The Englishman discusses omens with Santiago. He argues that anything can have a special purpose if a person feels that it does. When one understands this principle, there can be no such thing as luck or coincidence, and hunches are merely intuition. Everything is part of a “mysterious chain that links one thing to another.” The Englishman is also searching for the “Emerald Tablet,” a small stone allegedly inscribed with a few lines that reveal the secrets of alchemy.

The caravan reaches the oasis. Here, Santiago learns patience and persistence and how to live in the present rather than the future or the past. He also faces the second obstacle—love. He meets Fatima and is instantly smitten. He has to make the hard decision to leave her to continue his pursuit of his Personal Legend.

Santiago is once again visited by dreams. Tribal warfare is about to come to the oasis. He tells his visions to a mysterious stranger who soon reveals himself to be the alchemist, who says Santiago’s dreams are prophetic. Santiago is filled with fear. He is afraid of suffering even more than of death. But he relies on his strongest qualities: courage and enthusiasm.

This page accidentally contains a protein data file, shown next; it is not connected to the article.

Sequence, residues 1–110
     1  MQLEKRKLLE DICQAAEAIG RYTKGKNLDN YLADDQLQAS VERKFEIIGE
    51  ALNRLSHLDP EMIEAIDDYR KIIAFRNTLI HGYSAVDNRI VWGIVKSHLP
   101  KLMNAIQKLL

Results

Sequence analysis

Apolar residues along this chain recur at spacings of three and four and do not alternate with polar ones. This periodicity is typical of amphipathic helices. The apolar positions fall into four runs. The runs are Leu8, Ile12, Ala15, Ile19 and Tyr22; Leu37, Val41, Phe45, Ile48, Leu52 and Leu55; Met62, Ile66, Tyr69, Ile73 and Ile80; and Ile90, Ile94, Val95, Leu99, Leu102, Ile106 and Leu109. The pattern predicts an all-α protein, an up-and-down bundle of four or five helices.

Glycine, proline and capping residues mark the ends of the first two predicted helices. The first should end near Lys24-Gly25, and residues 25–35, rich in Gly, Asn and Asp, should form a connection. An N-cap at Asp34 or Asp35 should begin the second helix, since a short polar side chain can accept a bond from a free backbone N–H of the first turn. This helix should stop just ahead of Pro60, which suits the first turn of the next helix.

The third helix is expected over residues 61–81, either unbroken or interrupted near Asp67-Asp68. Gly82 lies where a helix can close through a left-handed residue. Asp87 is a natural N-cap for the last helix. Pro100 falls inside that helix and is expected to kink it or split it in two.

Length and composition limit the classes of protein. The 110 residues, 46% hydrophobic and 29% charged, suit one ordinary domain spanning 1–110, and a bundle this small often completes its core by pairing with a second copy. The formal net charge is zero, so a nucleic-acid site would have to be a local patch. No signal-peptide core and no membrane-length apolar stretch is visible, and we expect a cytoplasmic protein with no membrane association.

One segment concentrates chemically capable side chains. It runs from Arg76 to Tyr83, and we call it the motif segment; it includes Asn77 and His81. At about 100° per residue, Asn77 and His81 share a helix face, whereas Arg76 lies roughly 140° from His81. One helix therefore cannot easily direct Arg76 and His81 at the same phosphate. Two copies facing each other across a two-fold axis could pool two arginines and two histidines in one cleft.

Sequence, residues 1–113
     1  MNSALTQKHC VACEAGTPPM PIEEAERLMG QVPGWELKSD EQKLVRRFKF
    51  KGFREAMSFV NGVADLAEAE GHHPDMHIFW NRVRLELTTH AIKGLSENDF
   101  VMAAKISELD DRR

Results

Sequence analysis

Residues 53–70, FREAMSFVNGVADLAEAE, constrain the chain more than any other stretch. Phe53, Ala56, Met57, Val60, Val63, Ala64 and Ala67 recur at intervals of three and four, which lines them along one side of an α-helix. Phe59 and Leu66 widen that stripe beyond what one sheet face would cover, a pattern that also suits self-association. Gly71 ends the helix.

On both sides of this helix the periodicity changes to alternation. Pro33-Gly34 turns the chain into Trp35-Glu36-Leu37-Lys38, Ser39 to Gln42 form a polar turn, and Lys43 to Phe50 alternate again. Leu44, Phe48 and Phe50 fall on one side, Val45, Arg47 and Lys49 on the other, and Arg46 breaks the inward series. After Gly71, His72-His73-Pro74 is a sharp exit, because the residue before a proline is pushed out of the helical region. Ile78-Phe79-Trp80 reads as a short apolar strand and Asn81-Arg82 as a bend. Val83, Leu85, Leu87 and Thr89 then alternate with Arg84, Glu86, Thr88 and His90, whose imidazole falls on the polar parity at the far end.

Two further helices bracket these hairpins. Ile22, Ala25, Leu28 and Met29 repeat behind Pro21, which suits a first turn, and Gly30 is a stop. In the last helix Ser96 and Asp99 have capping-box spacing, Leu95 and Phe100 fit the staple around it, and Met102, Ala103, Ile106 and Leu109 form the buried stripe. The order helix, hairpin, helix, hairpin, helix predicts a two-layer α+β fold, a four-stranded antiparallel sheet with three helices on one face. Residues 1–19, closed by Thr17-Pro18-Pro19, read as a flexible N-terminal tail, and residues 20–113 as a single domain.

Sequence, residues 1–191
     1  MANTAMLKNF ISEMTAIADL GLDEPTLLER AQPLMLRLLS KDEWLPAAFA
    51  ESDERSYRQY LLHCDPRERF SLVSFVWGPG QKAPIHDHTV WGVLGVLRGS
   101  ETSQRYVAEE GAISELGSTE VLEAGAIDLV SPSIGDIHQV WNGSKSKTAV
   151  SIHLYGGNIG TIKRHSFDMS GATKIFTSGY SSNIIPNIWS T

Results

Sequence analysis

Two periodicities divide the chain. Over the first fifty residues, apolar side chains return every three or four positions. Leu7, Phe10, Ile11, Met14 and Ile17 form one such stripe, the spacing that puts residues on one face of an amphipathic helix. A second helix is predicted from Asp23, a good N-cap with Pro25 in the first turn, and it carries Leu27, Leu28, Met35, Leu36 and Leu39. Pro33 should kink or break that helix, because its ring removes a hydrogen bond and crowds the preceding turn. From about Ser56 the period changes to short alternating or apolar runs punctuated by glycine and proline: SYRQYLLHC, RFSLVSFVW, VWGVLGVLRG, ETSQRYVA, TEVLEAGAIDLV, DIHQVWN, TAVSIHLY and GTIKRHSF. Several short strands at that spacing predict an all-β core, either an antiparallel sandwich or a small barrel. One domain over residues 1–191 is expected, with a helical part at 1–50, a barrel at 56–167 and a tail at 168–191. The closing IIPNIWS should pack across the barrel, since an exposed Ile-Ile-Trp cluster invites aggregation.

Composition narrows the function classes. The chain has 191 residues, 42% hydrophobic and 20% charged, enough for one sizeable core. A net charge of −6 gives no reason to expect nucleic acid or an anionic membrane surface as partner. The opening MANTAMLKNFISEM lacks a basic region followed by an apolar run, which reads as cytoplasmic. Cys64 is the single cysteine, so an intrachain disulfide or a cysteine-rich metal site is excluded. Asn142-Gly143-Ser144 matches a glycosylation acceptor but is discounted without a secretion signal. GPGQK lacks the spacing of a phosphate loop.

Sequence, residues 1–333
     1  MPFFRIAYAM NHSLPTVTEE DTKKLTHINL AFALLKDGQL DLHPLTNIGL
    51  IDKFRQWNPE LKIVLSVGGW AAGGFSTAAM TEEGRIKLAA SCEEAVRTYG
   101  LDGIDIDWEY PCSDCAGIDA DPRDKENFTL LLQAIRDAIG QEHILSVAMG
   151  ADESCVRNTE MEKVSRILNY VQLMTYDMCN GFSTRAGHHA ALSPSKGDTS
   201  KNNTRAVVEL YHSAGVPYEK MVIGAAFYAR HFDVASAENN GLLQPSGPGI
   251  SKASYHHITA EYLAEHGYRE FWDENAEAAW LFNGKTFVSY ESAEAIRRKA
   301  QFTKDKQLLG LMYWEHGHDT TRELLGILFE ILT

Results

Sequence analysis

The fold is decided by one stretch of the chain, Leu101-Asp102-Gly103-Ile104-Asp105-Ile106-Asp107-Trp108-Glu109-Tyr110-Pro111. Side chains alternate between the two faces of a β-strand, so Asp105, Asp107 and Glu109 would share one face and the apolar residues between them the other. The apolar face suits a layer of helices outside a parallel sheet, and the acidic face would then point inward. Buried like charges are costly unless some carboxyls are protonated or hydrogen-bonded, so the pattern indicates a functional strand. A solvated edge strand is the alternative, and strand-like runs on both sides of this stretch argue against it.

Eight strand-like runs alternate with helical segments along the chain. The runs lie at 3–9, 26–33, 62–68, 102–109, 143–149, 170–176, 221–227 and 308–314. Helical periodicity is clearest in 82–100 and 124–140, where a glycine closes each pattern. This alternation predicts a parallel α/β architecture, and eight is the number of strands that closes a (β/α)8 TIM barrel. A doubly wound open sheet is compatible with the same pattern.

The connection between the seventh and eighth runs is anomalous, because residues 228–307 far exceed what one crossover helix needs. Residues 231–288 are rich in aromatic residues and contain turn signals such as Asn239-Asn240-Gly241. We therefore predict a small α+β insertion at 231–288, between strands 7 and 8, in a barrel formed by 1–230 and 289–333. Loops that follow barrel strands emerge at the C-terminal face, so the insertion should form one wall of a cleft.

Santiago and the alchemist are arrested. The alchemist tells their captors that Santiago is able to turn himself into the wind, and the men are incredulous. Santiago himself is stunned. He does not know how such a thing is possible, but failure means death. He harnesses all of his will, summons the sun and the wind, and makes a deal with them to help. The feat is accomplished. The men let Santiago and the alchemist go. The two part ways.

Finally, Santiago reaches the pyramids, but he is attacked. He tells the aggressors about his dream of finding treasure. One of the boys tells Santiago that he too had had a dream about treasure. The boy’s dream is about a church in Spain and buried treasure there. But unlike Santiago, he refused to follow his own Personal Legend. Santiago interprets the dream for himself. The treasure had been at his hometown church all along.


Santiago returns to Spain, unearths the treasure, and says, “I’m coming, Fatima.” His dreams have come true and are far better than he had ever hoped.